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The Internet is a global network of interconnected computer hardware and software systems, making possible the storage, retrieval, circulation, and processing of information and communication across time and space. A sociological account encompasses the constituent Internet technologies and attends to these as social phenomena. It also includes the information and other content which is produced, transmitted, and received by individuals and organizations using the Internet. Finally, a sociological account of the Internet includes the socially and historically structured contexts and processes in which the production, transmission, and reception of information and communication are embedded.
The Internet deserves the attention of sociologists for three major reasons. First, the Internet facilitates a reorganization of information and social relationships across time and space. Second, in investigating and understanding the complex subject matter of sociology, the Internet is an important tool for collecting data and for accessing information relevant to such an endeavor. Third, the Internet deserves the attention of sociologists because it expands the opportunities for circulating research findings and for supporting critical reflection, learning, and debate. However, in staking out the relevance of the Internet for sociology, we need to be aware that as a social phenomenon, it is an expression of the radical interconnection of people, organizations, different sectors of society, and the problems that we take up for study. In this way, studying the Internet involves shifts and linkages to perspectives that might traditionally have been considered to lie beyond the disciplinary boundaries of sociology. A comprehensive understanding of the Internet can only be developed jointly, from a multidisciplinary approach.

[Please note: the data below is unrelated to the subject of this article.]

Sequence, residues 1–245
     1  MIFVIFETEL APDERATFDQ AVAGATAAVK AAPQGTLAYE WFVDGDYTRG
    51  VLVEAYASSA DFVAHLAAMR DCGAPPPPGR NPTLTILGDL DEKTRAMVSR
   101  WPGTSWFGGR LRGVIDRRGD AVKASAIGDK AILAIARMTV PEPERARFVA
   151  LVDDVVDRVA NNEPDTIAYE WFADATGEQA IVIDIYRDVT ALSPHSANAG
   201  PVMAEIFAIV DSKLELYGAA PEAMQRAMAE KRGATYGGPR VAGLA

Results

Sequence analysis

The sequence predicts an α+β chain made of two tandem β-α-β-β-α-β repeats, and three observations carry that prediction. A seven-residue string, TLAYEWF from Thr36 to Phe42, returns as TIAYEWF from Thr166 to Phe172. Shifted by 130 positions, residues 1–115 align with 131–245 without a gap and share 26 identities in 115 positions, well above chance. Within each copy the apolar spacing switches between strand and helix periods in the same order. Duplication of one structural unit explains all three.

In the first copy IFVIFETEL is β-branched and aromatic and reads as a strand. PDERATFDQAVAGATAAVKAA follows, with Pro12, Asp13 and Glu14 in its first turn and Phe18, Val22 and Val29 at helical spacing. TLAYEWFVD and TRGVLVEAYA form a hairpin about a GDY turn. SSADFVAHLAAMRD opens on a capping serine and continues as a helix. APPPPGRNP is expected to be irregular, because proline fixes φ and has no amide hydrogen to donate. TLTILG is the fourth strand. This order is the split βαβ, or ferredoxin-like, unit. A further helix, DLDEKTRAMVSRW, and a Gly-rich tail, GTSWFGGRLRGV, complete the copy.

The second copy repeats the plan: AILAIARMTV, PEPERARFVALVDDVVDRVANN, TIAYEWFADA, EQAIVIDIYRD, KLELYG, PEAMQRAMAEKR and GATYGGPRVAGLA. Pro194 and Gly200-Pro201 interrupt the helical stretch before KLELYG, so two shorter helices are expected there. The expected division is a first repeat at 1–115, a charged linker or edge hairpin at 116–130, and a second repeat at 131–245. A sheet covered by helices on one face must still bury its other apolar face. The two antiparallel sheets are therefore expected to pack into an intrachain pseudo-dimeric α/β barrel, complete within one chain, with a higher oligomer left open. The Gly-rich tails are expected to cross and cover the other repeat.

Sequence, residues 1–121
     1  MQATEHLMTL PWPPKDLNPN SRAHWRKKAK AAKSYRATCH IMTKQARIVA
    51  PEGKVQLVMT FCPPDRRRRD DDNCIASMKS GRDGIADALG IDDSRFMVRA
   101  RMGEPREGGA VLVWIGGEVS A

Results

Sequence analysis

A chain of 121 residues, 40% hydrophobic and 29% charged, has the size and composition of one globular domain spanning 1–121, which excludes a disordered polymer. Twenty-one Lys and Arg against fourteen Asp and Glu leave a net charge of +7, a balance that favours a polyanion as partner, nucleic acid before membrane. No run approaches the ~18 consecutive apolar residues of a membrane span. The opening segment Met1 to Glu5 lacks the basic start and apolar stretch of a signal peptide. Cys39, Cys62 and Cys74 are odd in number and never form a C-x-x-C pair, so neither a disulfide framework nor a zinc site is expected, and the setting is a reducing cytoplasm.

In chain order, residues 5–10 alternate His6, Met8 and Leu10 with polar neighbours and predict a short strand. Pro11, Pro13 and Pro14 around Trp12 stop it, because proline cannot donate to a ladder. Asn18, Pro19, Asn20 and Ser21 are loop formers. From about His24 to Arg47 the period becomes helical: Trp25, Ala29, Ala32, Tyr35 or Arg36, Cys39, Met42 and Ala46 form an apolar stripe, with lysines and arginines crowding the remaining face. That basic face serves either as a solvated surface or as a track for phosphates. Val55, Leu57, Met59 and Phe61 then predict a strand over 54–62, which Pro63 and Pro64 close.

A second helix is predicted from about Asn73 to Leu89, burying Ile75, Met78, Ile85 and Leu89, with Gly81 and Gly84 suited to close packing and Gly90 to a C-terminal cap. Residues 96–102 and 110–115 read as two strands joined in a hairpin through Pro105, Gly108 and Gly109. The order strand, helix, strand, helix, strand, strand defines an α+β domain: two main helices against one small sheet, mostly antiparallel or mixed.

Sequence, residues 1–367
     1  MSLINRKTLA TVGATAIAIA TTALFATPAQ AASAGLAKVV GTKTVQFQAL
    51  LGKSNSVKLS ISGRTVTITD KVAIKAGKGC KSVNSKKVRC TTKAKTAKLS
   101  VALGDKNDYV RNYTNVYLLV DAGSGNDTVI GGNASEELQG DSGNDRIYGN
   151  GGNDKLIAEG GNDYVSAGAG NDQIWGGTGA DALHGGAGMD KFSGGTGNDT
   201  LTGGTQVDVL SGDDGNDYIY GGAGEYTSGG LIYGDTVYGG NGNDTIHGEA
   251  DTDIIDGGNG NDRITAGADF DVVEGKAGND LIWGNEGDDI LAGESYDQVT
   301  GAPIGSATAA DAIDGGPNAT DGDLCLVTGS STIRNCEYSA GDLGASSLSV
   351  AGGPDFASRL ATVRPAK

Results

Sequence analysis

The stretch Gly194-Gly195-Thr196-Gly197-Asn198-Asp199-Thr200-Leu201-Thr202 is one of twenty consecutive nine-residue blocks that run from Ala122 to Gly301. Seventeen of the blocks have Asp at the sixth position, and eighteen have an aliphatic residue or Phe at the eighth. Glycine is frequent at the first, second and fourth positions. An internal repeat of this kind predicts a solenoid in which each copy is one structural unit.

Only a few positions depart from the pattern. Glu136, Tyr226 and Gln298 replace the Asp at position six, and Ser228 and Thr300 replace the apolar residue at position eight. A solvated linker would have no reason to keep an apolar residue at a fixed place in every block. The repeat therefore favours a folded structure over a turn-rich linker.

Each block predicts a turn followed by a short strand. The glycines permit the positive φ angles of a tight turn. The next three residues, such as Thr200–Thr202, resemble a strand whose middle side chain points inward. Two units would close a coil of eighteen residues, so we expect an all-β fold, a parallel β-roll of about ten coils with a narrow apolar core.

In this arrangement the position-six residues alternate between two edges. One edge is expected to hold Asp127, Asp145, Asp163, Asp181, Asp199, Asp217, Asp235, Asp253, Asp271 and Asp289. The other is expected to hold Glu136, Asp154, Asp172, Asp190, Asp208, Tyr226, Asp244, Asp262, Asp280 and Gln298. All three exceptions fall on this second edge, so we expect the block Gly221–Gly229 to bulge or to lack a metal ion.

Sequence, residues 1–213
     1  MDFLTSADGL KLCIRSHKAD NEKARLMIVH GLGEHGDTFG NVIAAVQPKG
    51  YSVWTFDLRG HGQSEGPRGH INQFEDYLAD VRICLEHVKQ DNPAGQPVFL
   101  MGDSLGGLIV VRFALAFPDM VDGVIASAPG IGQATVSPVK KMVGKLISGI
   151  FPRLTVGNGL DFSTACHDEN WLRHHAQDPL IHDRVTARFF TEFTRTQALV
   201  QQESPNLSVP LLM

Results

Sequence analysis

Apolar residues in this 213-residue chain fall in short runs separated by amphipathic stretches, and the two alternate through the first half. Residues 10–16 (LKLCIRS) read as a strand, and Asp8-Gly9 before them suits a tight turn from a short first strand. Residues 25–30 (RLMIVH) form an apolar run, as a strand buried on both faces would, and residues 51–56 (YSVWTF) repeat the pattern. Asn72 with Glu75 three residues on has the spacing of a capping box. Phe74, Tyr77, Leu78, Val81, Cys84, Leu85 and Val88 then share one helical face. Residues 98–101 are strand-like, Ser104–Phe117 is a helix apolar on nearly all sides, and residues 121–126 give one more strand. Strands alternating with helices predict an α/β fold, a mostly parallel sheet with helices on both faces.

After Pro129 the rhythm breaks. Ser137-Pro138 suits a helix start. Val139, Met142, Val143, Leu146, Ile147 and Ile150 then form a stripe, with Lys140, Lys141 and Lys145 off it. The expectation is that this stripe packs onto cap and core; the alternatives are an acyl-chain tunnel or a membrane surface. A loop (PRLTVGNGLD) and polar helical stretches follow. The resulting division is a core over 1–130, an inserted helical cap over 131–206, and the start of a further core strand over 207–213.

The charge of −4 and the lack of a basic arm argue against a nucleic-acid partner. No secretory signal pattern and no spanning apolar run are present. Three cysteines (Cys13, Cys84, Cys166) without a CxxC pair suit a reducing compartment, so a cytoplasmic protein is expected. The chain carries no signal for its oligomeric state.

Fundamental to a sociological account of the Internet is that its development and use are not accidental to a set of complex and contradictory changes that are taking place in our world today. As such, the Internet is in the midst of some of our most severe and exciting challenges. The world we live in is becoming increasingly globalized. As a global communication network, the Internet is transforming the complex relationships between local activities and interaction across distance. The world we live in confronts us with new opportunities and dilemmas as the certainties afforded by tradition, authority, and nature no longer direct our lives in the way that they once did. Internet use radicalizes this process by placing ”horizontal forms of communications center stage, by allowing the questioning and blurring over of authority, and by allowing the reordering and expansion of the built environment. The world we live in is increasingly reflexive and saturated with information. As a technology of communication, the Internet transforms our information environments by facilitating global attentiveness, visibility, and questioning. Moreover, as a technology of communication, the Internet does not simply impact on this set of complex and contradictory changes; it contributes to the construction, mediation, and disclosure of what these transformations are.
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